The Real Jane Austen: A Life in Small Things by Paula Byrne

This book is not your usual chronological biography. Each chapter is about an object owned by Austen herself or particular to her time and place in history. The book is lavishly illustrated with drawings and photographs of shawls, ivory miniatures, bathing machines, and other fascinating objects that figured in her life and work.

One of the best things about author Paula Byrne‘s approach is that it portrays Austen as a living person who is actively engaged with real things in the real world. She liked to dress in fine clothes and drew the pattern of some new lace she had bought in a letter to her sister Cassandra. She loved the ocean, and indeed the only portrait we can be absolutely sure is of her was painted by Cassandra as Jane looked out, apparently, over the sea. She loved playing games with children, particularly her numerous tribe of nephews and nieces, and called her box of spillikins (pick-up sticks) “a very valuable part of our household furniture.” All of this is rather unlike the picture of the demure spinster often depicted in her biographies.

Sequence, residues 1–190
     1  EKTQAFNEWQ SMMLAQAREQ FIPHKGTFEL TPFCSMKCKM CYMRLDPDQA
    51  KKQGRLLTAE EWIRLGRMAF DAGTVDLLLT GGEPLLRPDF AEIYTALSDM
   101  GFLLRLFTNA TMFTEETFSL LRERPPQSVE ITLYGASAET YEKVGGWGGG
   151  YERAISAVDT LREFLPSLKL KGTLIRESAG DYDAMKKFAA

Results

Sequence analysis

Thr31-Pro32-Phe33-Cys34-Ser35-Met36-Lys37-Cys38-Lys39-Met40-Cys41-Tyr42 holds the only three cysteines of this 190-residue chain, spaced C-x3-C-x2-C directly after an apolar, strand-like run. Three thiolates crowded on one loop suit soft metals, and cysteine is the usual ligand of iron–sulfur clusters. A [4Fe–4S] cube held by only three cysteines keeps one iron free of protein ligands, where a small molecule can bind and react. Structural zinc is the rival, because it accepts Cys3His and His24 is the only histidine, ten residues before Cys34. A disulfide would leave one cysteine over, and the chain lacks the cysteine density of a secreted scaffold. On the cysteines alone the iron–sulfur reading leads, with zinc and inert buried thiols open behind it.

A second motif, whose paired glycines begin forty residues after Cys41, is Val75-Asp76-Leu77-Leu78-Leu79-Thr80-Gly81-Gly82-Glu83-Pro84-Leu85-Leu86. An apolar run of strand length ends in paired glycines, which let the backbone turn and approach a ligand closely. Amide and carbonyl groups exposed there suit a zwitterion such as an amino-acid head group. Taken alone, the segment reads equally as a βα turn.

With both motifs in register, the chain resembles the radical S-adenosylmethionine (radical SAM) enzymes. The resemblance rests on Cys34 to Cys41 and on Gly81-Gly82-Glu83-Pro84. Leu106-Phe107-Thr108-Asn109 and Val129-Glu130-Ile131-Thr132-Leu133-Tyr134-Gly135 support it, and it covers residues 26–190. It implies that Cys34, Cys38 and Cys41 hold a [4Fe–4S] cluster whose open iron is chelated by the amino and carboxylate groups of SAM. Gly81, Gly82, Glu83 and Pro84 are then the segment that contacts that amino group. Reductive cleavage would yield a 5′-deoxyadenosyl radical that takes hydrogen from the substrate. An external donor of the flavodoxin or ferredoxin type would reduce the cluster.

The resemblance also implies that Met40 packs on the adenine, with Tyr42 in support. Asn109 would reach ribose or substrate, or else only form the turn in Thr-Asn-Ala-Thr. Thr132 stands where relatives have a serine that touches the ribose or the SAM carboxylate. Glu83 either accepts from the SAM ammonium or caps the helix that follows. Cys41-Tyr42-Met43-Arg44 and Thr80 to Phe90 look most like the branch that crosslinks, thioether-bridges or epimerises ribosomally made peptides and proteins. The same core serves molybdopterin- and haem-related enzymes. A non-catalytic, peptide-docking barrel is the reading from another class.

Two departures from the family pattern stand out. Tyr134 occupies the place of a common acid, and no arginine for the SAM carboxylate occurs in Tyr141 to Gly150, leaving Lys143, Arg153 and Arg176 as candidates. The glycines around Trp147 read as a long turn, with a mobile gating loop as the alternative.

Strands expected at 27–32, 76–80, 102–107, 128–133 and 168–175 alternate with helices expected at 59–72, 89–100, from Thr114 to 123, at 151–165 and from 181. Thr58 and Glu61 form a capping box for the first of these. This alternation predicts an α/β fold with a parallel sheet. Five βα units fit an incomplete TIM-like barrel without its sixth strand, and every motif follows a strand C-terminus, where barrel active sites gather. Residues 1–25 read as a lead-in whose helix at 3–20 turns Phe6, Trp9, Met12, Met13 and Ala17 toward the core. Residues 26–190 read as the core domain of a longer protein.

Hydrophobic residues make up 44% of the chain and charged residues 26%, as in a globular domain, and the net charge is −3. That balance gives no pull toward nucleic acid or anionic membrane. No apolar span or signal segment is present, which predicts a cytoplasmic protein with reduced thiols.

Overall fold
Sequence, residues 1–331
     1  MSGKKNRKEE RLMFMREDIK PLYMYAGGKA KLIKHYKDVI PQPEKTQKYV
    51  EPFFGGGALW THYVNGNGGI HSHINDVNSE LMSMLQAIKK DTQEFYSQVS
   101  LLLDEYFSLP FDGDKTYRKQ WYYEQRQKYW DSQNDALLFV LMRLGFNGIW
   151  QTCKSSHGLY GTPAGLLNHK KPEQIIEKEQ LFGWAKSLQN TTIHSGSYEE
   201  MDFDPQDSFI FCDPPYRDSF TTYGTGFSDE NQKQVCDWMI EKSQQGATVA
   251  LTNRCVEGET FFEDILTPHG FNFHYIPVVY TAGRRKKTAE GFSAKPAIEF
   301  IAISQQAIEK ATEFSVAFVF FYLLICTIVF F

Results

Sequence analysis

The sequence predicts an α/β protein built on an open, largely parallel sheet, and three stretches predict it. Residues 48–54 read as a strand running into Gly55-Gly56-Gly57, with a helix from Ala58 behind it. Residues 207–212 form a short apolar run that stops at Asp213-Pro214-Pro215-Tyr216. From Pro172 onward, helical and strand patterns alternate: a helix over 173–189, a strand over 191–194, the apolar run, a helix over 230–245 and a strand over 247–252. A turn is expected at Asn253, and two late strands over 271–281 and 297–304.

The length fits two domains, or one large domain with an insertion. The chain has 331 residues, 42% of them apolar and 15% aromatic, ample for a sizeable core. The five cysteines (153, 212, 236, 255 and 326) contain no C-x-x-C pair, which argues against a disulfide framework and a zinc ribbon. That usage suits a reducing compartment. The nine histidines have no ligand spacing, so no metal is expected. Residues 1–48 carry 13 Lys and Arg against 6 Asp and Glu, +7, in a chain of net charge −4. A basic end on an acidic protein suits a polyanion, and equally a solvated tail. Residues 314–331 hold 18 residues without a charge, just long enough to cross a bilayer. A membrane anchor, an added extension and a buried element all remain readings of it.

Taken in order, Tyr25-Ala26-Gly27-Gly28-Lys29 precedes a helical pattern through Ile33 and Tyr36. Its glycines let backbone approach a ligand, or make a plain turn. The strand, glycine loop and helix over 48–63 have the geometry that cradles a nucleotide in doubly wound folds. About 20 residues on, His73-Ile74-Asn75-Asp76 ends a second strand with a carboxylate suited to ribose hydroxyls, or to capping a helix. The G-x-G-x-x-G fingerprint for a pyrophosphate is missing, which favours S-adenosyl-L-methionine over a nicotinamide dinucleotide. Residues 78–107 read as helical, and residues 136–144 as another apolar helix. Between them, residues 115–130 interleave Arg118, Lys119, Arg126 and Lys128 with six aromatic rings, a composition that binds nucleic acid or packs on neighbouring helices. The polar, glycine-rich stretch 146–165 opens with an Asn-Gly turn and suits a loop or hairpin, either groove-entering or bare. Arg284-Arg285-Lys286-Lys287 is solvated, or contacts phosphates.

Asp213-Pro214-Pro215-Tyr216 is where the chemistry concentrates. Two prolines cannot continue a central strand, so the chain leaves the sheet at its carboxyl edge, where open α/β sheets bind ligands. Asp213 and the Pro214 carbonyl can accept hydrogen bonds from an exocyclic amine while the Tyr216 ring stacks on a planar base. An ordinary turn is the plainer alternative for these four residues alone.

The “real Jane Austen” loved to travel, to see plays and fireworks. One of her brothers owned a fashionable carriage called a barouche, and she loved to go riding in it. She also had the worldly knowledge needed to negotiate with her publisher after her brother, who had begun the negotiations, fell seriously ill. She was not above basking in the praise of her novels; in fact, she carefully recorded the comments of family and friends, and even enjoyed eavesdropping in libraries and bookstores when her books (their authorship still unknown) were discussed by customers.
One other nice aspect of this approach to a biography is that, unlike in a chronological biography, we don’t have to end with her death. Right up until the final paragraph we are celebrating Jane Austen’s life and savoring along with her the things she loved.

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